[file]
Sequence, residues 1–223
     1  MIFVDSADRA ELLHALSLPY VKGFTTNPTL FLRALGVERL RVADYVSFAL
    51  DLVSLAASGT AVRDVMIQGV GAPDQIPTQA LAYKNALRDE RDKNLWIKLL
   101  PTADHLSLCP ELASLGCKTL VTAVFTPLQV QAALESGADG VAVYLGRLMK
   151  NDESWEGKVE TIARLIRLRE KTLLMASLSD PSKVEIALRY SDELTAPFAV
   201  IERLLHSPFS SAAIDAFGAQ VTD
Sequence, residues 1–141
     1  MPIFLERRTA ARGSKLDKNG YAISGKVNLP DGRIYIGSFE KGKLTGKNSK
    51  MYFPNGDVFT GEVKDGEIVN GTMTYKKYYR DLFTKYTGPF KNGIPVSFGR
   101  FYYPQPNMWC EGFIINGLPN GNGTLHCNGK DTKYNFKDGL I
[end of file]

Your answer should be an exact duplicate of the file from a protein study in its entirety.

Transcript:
Sequence, residues 1–223
     1  MIFVDSADRA ELLHALSLPY VKGFTTNPTL FLRALGVERL RVADYVSFAL
    51  DLVSLAASGT AVRDVMIQGV GAPDQIPTQA LAYKNALRDE RDKNLWIKLL
   101  PTADHLSLCP ELASLGCKTL VTAVFTPLQV QAALESGADG VAVYLGRLMK
   151  NDESWEGKVE TIARLIRLRE KTLLMASLSD PSKVEIALRY SDELTAPFAV
   201  IERLLHSPFS SAAIDAFGAQ VTD
Sequence, residues 1–141
     1  MPIFLERRTA ARGSKLDKNG YAISGKVNLP DGRIYIGSFE KGKLTGKNSK
    51  MYFPNGDVFT GEVKDGEIVN GTMTYKKYYR DLFTKYTGPF KNGIPVSFGR
   101  FYYPQPNMWC EGFIINGLPN GNGTLHCNGK DTKYNFKDGL I